"The board will likely decide on what the new passing score will be Feb. 26, when a test vendor presents the estimated minimum score needed to maintain a 54 percent pass rate among sophomores. Students first take the test their sophomore year and can retake the test throughout high school until they pass.

This year, 56 percent of sophomores scored at least 252 on their first, so the new minimum will likely be around there, state officials said.". So set the standard low enough that it can be met now, whether or not (it's not) that level is an appropriate standard. Sigh.

# pgfplots with sagetex

In earlier posts I used the sagetex package to force sage do the calculations for the Altermundus packages (rather than gnuplot). With Sagemath Cloud putting Sage at your fingertips you don't need to go through the hassle of gnuplot.

Although the Altermundus packages let you insert the output string between \begin{tizpicture}...\end{tikzpicture}, pgfplots isn't so obliging. I've managed to get that working as well but it requires making the output string contain everything from \begin{tizpicture} to \end{tikzpicture}. This use of sagetex creates the data on the fly, so there's no need for an external data file. You can see the code running above; the Plotting with Sagetex page has more details and the code to download. Just change the function and plotting parameters to what you want and you'll have Sage crunching the math. The Plotting with Sagetex page also includes Dr. William Stein's instructions on how to increase the buffer for Sagemath Cloud.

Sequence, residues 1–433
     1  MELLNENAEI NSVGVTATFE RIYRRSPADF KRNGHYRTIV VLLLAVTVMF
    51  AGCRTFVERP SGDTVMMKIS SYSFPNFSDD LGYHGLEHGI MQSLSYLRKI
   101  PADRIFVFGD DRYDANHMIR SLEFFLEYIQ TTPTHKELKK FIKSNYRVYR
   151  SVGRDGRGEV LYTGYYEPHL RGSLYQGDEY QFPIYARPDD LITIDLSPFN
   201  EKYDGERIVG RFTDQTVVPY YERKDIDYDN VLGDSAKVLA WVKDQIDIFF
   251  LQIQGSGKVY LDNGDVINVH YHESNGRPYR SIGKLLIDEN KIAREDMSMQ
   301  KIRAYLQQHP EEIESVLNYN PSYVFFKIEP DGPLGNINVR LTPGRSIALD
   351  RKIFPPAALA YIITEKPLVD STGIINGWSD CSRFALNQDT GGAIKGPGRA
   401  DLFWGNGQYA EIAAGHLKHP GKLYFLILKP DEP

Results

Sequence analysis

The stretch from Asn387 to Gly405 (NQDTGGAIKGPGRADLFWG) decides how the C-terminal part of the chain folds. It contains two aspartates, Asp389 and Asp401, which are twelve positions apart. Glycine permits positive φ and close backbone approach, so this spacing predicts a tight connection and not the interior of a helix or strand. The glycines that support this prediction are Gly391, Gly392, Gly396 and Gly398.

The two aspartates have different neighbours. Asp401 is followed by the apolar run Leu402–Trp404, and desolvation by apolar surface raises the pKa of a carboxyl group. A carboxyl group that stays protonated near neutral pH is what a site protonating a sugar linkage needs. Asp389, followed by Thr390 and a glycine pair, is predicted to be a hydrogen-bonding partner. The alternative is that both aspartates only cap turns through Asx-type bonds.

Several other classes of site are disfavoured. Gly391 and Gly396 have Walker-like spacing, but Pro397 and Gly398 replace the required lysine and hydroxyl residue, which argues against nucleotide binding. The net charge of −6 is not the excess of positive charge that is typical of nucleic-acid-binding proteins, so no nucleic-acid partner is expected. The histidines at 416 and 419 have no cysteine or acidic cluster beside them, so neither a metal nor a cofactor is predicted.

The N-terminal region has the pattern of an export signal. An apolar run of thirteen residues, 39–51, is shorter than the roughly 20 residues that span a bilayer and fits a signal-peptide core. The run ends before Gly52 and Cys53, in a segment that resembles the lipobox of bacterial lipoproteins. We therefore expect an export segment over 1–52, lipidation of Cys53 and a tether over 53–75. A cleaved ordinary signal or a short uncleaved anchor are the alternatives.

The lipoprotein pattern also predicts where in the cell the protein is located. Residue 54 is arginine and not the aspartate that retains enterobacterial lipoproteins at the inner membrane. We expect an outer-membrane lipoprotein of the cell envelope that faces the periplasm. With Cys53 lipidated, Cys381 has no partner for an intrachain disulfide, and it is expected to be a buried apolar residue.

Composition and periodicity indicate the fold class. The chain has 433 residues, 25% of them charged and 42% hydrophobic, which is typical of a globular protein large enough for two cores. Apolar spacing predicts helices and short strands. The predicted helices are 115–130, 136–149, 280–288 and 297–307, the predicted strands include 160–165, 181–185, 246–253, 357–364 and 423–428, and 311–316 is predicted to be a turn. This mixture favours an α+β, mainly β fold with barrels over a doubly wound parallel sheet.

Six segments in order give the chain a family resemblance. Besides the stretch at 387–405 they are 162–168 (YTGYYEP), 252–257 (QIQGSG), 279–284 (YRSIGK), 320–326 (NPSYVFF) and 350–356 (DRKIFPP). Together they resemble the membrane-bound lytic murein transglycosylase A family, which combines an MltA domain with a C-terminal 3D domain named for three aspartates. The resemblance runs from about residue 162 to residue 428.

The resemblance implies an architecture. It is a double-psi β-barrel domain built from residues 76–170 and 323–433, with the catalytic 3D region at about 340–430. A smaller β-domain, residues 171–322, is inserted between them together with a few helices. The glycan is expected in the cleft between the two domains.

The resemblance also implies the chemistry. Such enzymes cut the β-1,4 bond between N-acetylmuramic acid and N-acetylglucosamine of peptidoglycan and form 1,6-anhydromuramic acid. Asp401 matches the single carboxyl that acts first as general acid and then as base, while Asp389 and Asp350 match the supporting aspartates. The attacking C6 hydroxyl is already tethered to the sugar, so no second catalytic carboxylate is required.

# Plotting a function and its derivative with tkz-fct

In trying to adapt the sagetex package to the beautiful packages of Altermundus there are some rough patches: so many macros rely on (at some level) the Gnuplot program. I added an example to the Plotting with Sagetex page to address some issues that come up. The biggest problem is that if a function has a large derivative then there is an issue that the graph (red curve above) doesn't go to the edge of the screen because the step size is too small--but increasing the step size results in too many points and it can't be graphed. I can fix this on my local tex installation of by changing the buffer size to a bigger number (from 200000 to 1000000). It takes a longer time for sagetex to process but eventually you can get the desired output:

I don't know how to fix that on Sagemath Cloud, though. You can read more of the details by clicking here.